Children and adults will love "Otto of the Silver Hand", a wonderful book about honor and virtue in the Middle Ages. Otto, the young protagonist of the novel, proves that evil begets evil and good begets honor -- and above all that character does matter. This book is as captivating and beautiful as a knight in shining armor tale can be. It's a tale of love, courage, good and evil. The love begins between husband and wife with as much fervor and honesty as is felt in the movie "Braveheart" (Mel Gibson). Conrad, the baron of the Castle Drakenhausen whose love is so great for the Baroness Matilda, takes their son Otto to the "White Cross on the Hill" soon after his birth. There his good, holy and wise Uncle Otto resides. Baroness Matilda had died at Otto's birth and Baron Conrad knew his cold castle and bitter feudal world were not suited for the raising a child. Young Otto developed a pure, simple and docile attitude in the 12 years he lives at the monastery. His father came to reclaim him at this point and here the story begins to unfold. There is much more to the story-how a near-death Otto later escapes from a cold, dark dungeon when he is near death; how his father gives his life in the end for that of his son and the "faithful few" who remained with him till the bitter end. The spirit of great love from a man to his wife, a father to his son as found in this book is truly refreshing. The story was indeed uplifting to the mind, heart and soul. First published in 1888 by Howard Pyle, one of America's finest authors, "Otto of the Silver Hand" is inspiring and exciting. A great book to read aloud to children.
About the Author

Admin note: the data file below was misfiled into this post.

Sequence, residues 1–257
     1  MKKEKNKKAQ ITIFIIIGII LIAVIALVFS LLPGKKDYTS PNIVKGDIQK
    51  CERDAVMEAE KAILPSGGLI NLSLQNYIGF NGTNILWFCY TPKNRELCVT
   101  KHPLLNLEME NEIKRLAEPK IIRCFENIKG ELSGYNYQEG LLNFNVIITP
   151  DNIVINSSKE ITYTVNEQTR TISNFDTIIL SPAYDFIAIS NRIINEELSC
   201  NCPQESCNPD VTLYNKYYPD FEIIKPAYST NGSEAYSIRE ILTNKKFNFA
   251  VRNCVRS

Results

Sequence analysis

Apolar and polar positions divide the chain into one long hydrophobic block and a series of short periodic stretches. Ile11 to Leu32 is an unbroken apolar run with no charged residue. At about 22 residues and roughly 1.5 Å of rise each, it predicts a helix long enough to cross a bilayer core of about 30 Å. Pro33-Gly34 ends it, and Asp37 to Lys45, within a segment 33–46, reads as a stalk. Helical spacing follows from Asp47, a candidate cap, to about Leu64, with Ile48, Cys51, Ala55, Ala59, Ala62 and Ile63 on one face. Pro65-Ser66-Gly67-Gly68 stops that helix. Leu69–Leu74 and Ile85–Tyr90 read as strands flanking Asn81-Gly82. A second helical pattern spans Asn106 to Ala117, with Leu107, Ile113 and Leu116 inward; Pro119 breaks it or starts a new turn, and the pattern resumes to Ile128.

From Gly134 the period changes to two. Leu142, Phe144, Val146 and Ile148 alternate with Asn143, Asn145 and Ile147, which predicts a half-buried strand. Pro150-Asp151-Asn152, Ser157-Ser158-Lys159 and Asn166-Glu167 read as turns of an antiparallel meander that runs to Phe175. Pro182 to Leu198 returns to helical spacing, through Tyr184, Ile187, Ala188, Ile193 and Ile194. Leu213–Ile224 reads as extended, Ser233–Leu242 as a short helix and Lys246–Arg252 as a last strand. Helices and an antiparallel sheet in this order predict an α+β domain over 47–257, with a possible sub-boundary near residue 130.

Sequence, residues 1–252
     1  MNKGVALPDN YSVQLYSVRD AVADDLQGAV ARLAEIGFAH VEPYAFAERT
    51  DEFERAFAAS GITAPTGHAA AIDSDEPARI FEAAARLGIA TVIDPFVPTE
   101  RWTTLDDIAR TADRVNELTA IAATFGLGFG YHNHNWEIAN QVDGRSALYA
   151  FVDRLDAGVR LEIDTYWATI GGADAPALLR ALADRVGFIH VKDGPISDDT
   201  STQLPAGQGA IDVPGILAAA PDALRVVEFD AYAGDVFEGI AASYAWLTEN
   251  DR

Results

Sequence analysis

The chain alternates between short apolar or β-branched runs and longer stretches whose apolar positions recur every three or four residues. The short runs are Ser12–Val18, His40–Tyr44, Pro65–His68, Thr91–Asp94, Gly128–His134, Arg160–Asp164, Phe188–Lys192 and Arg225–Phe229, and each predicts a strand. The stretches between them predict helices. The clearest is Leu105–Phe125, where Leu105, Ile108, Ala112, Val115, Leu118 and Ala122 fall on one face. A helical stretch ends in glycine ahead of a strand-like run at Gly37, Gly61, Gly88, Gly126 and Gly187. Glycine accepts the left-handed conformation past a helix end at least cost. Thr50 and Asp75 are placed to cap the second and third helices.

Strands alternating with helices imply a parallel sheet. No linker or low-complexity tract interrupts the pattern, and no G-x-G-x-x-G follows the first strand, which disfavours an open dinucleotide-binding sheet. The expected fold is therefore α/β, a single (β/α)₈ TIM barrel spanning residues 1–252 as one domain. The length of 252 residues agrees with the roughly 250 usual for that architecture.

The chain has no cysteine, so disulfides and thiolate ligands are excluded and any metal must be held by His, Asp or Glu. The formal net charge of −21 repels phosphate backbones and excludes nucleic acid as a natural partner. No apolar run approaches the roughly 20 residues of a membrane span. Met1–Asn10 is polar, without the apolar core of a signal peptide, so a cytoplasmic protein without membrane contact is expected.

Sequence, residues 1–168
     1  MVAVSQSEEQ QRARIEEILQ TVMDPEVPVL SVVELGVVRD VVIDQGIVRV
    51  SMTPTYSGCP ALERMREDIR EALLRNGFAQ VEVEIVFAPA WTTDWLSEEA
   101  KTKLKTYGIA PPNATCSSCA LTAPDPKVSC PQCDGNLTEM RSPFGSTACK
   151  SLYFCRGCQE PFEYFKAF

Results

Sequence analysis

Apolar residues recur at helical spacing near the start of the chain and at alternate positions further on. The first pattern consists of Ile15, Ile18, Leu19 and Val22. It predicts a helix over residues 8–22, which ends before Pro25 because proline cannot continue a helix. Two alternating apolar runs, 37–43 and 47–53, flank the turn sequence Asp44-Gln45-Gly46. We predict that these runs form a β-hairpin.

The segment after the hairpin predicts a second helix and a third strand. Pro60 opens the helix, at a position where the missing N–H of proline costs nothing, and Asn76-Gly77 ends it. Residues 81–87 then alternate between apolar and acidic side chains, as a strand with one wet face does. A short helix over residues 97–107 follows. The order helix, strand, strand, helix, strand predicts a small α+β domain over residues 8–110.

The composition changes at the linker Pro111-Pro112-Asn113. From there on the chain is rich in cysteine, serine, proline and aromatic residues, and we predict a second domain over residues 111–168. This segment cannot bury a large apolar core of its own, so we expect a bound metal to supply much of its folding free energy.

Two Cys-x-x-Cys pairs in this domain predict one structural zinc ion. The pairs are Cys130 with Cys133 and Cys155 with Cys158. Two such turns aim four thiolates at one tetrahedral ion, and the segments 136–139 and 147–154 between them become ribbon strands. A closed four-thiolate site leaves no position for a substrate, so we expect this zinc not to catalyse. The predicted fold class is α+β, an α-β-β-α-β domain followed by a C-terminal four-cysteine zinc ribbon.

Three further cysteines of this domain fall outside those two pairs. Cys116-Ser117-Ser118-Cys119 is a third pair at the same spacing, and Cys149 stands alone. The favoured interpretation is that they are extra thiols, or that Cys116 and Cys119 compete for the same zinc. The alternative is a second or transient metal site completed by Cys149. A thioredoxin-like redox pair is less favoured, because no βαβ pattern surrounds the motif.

Howard Pyle (1853-1911) was an American illustrator and writer, primarily of books for young audiences. A native of Wilmington, Delaware, he spent the last year of his life in Florence, Italy. In 1894 he began teaching illustration at the Drexel Institute of Art, Science and Industry (now Drexel University), and after 1900 he founded his own school of art and illustration called the Howard Pyle School of Illustration Art. The term the Brandywine School was later applied to the illustration artists and Wyeth family artists of the Brandywine region by Pitz (later called the Brandywine School). Some of his more famous students were Olive Rush, N. C. Wyeth, Frank Schoonover, Elenore Abbott, Ellen Bernard Thompson Pyle, Allen Tupper True, Anna Whelan Betts, Ethel Franklin Betts, Harvey Dunn, Philip R. Goodwin, and Jessie Willcox Smith. His 1883 classic The Merry Adventures of Robin Hood remains in print to this day, and his other books, frequently with medieval European settings, include a four-volume set on King Arthur that cemented his reputation. He wrote an original novel, Otto of the Silver Hand, in 1888. He also illustrated historical and adventure stories for periodicals such as Harper's Weekly and St. Nicholas Magazine. His novel Men of Iron was made into a movie in 1954, The Black Shield of Falworth. Pyle travelled to Florence, Italy to study mural painting in 1910, and died there in 1911 of sudden kidney infection (Bright's Disease).